|My horse chuffing with love|
Did you know that chuffed has two different meanings? Like many words within the English language, what they mean depends where you are when the word is said. If you say “pants” in America, you mean trousers. In England it means underwear. A batch in Britain is a type of bread roll, while in America and Canada, it is a group of something. A batch of cookies for example.
My newest addition to the list of confounding words that change meaning based on geography is “chuffed”. I came across this word at work, a colleague approached me to say I “would be chuffed to hear what ____ child did”. I followed her into our daycare room with apprehension, because I really didn’t know what chuffed meant. I thought it could mean that I was going to be angry with a kid for bad behavior. Turns out instead the boy had done something good. Confusion ensued.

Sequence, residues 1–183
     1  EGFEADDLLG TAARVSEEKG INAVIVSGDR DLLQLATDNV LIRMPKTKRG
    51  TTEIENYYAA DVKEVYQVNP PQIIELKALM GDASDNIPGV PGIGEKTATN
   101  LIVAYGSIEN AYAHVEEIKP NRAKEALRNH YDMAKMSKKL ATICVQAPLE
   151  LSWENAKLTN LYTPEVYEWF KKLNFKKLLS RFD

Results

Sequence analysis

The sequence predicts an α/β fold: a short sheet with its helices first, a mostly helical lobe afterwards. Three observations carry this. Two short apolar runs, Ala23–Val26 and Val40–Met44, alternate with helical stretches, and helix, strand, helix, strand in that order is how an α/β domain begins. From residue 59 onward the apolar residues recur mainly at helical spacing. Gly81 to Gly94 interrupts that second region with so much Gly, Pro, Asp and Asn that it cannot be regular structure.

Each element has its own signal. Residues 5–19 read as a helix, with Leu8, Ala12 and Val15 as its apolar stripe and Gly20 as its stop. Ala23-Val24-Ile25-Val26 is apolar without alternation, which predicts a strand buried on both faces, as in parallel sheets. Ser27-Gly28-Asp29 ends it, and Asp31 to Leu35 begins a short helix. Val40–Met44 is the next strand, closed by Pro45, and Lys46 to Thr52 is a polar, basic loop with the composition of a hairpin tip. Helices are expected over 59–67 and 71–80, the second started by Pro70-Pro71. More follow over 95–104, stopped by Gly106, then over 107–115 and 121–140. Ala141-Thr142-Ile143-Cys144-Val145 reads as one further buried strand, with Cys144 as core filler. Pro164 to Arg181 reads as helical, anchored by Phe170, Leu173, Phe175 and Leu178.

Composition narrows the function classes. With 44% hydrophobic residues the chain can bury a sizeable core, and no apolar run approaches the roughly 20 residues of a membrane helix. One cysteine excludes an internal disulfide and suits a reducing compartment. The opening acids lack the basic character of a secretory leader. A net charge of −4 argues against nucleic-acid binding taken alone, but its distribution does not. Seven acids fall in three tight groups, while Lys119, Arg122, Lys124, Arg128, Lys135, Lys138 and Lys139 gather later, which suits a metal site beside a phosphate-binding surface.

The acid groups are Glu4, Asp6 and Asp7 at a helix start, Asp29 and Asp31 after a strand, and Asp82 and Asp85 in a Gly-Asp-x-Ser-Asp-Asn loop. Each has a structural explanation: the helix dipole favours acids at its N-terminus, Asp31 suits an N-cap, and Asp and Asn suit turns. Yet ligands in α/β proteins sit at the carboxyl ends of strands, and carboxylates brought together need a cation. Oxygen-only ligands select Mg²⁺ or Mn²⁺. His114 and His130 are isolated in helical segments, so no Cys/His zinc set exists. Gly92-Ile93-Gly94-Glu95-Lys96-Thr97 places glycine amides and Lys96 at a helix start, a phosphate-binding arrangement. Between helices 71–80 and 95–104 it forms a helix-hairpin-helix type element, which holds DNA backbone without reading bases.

Chuff, Chuffed, Chuffing, Etc
Chuffed (America): The sound a horse makes in greeting, or a sound tigers occasionally make. Kind of like a vvvv vvvv noise.
My horse chuffed with affection at me.
Chuffed (United Kingdom): To be excited, proud, happy with a person of action.
You will be well chuffed with the beer I bought.
Navigating the world of vocabulary in two different countries across the world from each other can be hard.